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Dungeons and Dragons and Philosophy : Read and Gain Advantage on All Wisdom Checks.

By: Contributor(s): Series: The Blackwell Philosophy and Pop Culture SerPublisher: Somerset : John Wiley & Sons, Incorporated, 2014Copyright date: ©2014Edition: 1st edDescription: 1 online resource (241 pages)Content type:
  • text
Media type:
  • computer
Carrier type:
  • online resource
ISBN:
  • 9781118921159
Subject(s): Genre/Form: Additional physical formats: Print version:: Dungeons and Dragons and Philosophy : Read and Gain Advantage on All Wisdom ChecksDDC classification:
  • 794.8
LOC classification:
  • GV1469.62.D84 -- .D84 2014eb
Online resources:
Contents:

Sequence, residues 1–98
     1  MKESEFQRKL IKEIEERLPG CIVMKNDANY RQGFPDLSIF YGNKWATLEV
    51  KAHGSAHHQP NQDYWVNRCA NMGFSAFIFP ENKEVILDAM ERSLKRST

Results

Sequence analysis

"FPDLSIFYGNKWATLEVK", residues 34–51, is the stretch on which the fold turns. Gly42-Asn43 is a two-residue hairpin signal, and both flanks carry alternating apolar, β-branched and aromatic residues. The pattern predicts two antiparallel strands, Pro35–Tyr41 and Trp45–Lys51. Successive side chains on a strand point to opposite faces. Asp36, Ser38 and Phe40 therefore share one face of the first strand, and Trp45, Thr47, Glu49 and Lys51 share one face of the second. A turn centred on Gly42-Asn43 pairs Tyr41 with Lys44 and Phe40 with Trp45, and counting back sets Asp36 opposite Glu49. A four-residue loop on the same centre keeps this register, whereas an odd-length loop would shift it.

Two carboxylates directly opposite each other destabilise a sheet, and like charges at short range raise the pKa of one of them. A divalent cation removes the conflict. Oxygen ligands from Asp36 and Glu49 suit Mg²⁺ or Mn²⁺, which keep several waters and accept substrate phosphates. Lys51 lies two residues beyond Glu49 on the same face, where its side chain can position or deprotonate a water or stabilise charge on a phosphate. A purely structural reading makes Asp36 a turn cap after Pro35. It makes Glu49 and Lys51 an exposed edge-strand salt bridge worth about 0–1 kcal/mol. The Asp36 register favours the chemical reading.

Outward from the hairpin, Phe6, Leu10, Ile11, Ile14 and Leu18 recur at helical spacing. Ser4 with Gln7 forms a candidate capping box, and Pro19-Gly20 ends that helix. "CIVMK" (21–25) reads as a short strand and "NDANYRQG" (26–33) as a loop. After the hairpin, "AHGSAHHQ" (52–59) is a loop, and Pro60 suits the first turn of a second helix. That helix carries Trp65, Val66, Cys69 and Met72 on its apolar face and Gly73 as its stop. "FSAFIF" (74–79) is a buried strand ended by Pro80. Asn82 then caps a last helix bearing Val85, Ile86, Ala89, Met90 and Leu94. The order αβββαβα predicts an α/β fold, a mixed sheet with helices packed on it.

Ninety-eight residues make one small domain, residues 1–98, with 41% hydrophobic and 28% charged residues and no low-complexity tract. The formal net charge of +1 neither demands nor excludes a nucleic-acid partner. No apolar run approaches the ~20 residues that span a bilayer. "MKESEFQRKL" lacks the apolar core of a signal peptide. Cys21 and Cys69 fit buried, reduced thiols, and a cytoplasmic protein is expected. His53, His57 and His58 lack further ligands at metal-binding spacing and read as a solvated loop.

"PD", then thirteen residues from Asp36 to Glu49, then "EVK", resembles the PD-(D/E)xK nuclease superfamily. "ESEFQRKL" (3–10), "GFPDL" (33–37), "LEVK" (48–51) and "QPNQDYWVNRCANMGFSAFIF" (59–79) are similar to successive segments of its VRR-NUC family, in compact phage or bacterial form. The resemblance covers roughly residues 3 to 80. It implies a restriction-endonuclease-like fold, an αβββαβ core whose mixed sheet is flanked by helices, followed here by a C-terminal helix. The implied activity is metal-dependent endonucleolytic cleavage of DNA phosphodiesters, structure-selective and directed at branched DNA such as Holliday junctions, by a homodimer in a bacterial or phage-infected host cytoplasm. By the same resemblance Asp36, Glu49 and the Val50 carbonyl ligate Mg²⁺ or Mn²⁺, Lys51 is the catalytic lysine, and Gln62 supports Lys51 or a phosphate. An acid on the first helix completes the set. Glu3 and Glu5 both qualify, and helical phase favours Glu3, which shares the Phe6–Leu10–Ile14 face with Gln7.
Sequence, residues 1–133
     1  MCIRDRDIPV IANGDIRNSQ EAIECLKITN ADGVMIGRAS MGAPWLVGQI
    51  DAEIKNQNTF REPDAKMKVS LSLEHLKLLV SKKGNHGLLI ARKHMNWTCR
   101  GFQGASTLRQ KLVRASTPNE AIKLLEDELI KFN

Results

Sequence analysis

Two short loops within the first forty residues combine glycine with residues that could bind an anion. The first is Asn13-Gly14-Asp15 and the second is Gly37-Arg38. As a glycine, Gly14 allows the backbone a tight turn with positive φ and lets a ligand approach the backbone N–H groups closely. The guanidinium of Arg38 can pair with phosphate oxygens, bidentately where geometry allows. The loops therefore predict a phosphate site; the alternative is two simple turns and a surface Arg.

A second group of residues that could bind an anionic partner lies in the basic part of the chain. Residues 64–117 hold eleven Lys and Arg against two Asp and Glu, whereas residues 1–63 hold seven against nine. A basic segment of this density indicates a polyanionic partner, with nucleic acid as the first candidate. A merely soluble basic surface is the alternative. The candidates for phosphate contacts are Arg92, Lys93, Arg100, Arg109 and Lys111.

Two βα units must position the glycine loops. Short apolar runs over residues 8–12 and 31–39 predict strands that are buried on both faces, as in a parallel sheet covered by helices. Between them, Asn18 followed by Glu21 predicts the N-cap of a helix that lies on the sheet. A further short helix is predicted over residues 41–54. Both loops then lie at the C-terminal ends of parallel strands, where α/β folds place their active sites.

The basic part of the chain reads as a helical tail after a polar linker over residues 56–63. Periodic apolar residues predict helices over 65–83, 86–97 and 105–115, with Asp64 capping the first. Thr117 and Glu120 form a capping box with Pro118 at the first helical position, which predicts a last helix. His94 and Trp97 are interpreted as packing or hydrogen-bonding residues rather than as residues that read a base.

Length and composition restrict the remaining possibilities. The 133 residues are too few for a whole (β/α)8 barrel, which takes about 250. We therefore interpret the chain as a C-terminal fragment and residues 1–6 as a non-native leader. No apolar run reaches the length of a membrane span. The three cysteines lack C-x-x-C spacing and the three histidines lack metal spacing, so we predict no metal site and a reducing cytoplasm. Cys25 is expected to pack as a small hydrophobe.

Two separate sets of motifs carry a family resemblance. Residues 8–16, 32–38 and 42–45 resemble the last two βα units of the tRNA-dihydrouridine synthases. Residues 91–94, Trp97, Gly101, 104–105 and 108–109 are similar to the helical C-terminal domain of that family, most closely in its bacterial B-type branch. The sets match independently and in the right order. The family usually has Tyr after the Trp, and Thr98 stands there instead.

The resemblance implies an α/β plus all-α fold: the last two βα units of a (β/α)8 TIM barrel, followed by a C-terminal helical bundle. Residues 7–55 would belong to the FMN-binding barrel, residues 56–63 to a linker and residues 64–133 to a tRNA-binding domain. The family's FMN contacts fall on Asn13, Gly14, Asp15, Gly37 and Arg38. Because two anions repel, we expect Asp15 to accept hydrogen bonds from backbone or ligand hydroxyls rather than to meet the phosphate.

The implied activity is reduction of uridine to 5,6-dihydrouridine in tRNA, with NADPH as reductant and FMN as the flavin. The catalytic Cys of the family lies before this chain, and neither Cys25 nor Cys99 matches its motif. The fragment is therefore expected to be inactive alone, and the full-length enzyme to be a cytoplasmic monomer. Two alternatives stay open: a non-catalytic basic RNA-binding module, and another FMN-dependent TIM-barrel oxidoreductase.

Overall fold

Cover -- The Blackwell Philosophy and PopCulture Series -- Dungeons & Dragons and Philosophy: Read and Gain Advantage on all Wisdom Checks -- Copyright -- Contents -- Abbreviations Used in the Text -- Introduction A Game Like No Other -- Part I Lawful Good vs. Chaotic Evil -- 1 Sympathy for the Devils: Free Will and Dungeons & Dragons -- Pity the Pit Fiend -- Damnation Without a Saving Throw -- Free Will in the Lair of the Succubus -- How Thorin Axebeard Randomly Defended the Bridge -- Four-Dimensional Dungeons and Powerless Dragons -- Free Will and Other Imaginary Monsters -- Notes -- 2 Paragons and Knaves: Does Good Character Make for a Good Character? -- The Good, the Bad, and the Legendary -- Taking Alignment Seriously -- Paladins and Trolleys -- The Ring of Gyges and the Arch-Lich -- Note -- 3 Is Anyone Actually Chaotic Evil?: A Playable Theory of Willful Wrongdoing -- No Dice -- Socrates, the First DM -- Aristotle - Unearthed Arcana -- Thomas Aquinas - 15th-Level Cleric -- Monster Immanuel -- Dietrich von Hildebrand - Third Edition Rules -- Hannah Arendt and the Campaign of Evil -- End of Round -- Notes -- Part II So Did You Win? Philosophy and D&D Gameplay -- 4 Save vs. Death: Some Reflections on the Lifecycle of PCs -- Death Be Not Proud -- Phaedo and Confronting the Reaper -- The Graveyard of Dead PCs -- Ability Scores: The Natural Lottery -- Notes -- 5 To My Other Self: Reflection and Existentialism in Dungeons & Dragons -- The Actor, the Author, and the Other -- In Word and Deed -- Mirror and Illusion -- Experience without EXP -- Notes -- 6 Player-Character Is What You Are in the Dark: The Phenomenology of Immersion in Dungeons & Dragons -- The Idea of Immersion Leads to Phenomenology -- What Is Phenomenology? -- Seeing Is Believing: Immersion as Visualization -- Am I My Character? Immersion and Identification.